LH2 expression in CAFs promotes lung adenocarcinoma cell migration and invasion
Although all 3 LH family members hydroxylate Lys residues in the helical sequence of collagen, LH2 is the only family member that is capable of hydroxylating telopeptidyl Lys residues and is indispensable for the formation of HLCCs (3). To determine whether the LCC-to-HLCC switch induced by CAFs influences the migratory and invasive behaviors of tumor cells, we generated two LH2-deficient CAF populations by stably transfecting distinct LH2-specific shRNAs (Fig. 6A). Relative to the control transfectants, the LH2-deficient CAFs generated less stiffness in collagen gels, although to different degrees (Fig. 6B). LH2 deficiency reduced the ability of CAFs to induce protrusion formation from the interstitium or periphery of tumor cell aggregates (Figs. 6C and D). Seeded on a Matrigel surface, LH2-deficient CAFs formed poorly defined networks that failed to promote the dissociation and migration of tumor cell aggregates (Fig. 6E).
In squamous carcinomas with low cell-autonomous invasive activity, CAFs proteolytically degrade tumor stroma to create tracks through which tumor cells can collectively invade (2), which is the basis for the working hypothesis that CAFs compensate for deficiencies in tumor cell–autonomous invasive activity. Here, we show that CAFs enhance the migration and invasion of tumor cells with high cell-autonomous invasive activity, implying that CAFs may exert proinvasive activity in a broader tumor cell context than previously thought. By showing that CAFs regulate collagen cross-linking, the findings presented here build on evidence that CAFs induce proteolysis and force-mediated realignment of collagen fibers (2).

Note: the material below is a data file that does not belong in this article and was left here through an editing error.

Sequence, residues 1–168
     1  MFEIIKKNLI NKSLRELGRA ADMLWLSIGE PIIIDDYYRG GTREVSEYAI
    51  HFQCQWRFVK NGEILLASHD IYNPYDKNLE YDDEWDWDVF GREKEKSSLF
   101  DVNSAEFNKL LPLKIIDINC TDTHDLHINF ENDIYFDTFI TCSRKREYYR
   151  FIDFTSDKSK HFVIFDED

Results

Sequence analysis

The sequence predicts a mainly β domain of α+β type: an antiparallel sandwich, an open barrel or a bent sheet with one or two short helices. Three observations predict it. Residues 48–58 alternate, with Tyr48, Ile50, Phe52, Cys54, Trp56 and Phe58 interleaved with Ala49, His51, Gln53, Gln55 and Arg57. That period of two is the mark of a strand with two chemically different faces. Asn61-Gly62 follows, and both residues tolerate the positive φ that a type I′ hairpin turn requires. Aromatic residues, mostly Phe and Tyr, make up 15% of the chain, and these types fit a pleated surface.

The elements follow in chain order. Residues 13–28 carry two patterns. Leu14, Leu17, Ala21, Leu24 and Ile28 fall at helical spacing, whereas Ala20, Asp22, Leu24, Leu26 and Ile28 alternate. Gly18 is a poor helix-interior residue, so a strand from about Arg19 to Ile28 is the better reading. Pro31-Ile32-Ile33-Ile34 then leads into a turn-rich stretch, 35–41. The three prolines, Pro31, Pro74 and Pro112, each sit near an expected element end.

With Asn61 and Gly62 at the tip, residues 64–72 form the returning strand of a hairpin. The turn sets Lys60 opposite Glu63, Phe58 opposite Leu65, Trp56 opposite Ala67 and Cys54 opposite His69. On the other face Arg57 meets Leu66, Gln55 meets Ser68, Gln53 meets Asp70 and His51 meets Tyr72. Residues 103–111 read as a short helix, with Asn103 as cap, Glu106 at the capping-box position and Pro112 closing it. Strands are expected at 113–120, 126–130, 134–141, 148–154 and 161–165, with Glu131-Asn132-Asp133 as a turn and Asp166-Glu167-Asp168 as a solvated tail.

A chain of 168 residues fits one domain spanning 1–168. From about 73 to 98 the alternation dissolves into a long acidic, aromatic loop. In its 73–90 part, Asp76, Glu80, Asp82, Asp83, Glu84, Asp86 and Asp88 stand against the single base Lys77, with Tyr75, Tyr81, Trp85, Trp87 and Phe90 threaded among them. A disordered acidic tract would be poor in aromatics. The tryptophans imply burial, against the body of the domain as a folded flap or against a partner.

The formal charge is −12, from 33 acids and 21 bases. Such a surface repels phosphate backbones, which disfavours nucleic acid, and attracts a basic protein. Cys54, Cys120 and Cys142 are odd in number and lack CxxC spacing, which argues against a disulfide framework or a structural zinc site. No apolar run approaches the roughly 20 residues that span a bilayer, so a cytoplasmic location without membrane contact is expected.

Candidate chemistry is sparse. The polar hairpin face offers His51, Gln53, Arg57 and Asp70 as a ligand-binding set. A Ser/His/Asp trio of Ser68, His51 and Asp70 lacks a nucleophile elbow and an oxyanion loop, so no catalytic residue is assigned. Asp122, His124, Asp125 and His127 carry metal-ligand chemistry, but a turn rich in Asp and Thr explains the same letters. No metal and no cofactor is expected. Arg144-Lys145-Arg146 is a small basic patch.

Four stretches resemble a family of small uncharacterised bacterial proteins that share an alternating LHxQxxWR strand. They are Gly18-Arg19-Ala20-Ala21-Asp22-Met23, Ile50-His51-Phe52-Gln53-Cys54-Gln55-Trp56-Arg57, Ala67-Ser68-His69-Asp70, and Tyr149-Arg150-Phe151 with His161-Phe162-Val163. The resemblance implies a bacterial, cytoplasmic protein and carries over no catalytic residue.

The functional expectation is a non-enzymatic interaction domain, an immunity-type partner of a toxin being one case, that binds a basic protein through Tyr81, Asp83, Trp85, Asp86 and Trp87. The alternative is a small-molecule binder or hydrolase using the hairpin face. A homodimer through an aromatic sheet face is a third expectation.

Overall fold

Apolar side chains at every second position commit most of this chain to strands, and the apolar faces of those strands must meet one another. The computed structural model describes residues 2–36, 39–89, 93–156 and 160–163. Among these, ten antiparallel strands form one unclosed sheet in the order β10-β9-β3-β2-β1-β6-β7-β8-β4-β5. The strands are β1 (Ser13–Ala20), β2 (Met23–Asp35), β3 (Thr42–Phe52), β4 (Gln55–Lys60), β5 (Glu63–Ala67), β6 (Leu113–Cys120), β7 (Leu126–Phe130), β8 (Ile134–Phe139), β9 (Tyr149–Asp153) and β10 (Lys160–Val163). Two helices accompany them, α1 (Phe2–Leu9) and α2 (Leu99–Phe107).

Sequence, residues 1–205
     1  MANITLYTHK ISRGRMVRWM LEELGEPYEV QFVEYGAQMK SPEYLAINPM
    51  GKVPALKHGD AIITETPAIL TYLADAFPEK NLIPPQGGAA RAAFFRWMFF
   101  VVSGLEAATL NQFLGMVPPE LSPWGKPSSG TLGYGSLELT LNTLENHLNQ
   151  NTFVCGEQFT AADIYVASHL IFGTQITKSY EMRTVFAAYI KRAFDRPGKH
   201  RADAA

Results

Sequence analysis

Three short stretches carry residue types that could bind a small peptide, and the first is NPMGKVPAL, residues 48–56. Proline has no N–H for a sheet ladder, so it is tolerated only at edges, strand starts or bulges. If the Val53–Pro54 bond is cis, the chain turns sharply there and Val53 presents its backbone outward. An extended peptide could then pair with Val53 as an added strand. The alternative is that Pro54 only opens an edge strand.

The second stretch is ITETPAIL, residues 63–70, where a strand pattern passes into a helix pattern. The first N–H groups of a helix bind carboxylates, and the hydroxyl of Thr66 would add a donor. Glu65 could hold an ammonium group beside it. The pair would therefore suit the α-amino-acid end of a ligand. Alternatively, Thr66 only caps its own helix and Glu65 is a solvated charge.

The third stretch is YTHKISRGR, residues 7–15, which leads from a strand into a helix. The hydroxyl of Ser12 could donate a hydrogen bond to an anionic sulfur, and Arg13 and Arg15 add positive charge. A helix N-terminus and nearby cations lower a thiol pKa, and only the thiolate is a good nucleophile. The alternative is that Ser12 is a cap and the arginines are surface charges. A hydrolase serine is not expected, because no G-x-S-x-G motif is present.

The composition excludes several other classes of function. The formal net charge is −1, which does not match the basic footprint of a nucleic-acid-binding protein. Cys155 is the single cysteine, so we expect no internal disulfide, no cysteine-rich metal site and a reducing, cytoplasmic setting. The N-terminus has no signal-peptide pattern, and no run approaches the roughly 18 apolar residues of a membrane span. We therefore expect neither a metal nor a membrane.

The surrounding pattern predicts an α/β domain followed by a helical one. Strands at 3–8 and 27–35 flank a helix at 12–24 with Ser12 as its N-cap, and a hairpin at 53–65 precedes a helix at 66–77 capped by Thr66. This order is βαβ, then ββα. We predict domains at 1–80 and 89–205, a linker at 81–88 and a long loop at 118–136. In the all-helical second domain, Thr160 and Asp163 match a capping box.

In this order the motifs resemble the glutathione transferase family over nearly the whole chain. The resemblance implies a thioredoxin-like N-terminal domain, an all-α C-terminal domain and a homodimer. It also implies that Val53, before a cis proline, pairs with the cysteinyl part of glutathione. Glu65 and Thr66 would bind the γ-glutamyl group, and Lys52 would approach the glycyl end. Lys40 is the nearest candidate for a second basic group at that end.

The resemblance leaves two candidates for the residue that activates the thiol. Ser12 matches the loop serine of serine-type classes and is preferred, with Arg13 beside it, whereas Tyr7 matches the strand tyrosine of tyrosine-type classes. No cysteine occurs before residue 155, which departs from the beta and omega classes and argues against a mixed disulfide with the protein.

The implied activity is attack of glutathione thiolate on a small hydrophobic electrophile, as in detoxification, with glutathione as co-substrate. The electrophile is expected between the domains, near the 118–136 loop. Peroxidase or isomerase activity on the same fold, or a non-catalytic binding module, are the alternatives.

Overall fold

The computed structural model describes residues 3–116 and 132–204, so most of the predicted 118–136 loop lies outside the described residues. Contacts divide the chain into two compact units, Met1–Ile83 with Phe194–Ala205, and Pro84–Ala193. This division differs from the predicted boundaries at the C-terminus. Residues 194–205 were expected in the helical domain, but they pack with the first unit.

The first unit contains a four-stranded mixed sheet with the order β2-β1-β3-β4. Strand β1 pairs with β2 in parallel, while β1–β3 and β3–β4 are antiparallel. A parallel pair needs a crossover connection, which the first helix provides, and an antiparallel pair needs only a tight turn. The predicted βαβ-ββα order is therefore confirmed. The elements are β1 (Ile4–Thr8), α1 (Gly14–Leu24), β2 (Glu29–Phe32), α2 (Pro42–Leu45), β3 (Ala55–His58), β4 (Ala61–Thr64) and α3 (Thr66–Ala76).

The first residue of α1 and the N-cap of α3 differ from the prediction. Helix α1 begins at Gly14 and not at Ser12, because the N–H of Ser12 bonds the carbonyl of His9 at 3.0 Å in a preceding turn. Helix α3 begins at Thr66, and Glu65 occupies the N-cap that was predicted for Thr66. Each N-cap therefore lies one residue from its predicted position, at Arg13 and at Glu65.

Pharmacologic and genetic approaches to inhibit LOX in tumors have shown that LOX is the primary driver of collagen cross-link formation and that the total amount of collagen cross-links is correlated with tumor stiffness (28). However, LH2 regulates tissue stiffness by determining the types, rather than the total amounts, of collagen cross-links. HLCCs are more stable than LCCs and are the primary type of cross-links in skeletal tissues like bone and cartilage, which require HLCCs to maintain tissue stiffness and integrity (3). Abnormally high HLCC levels are associated with arthritic conditions such as systemic sclerosis, whereas deficiencies are associated with severe soft-tissue and skeletal deformities such as those in patients with Bruck syndrome (29). Findings presented here add to a growing body of evidence that high HLCC levels contribute to the pathogenesis of cancer (11).
Using in vitro models that mimic epithelial tumor acini within a 3-dimensional matrix, here, we showed that tumor cell aggregates respond to signals from CAFs. Of particular interest was the finding that CAFs formed contractile networks, tumor aggregates adherent to the networks disorganized and migrated, and depletion of LH2 expression in CAFs diminished network formation and tumor aggregate dissociation. Conversely, multicellular epithelial structures have been shown to exert contractile forces that mechanically reorganize collagen networks over long distances and in a highly directional manner, generating what are variously coined fibers, tracts, cables, straps, or lines (30–35). Moreover, regions of highly directional collagen alignment have been seen in tumor explants and clinical samples and are associated with poor clinical outcomes in patients with breast cancer (36). In conclusion, the model presented here may inform how epithelial tumor acini interact with surrounding stroma to generate mechanical and biochemical signals that regulate malignant tumor progression.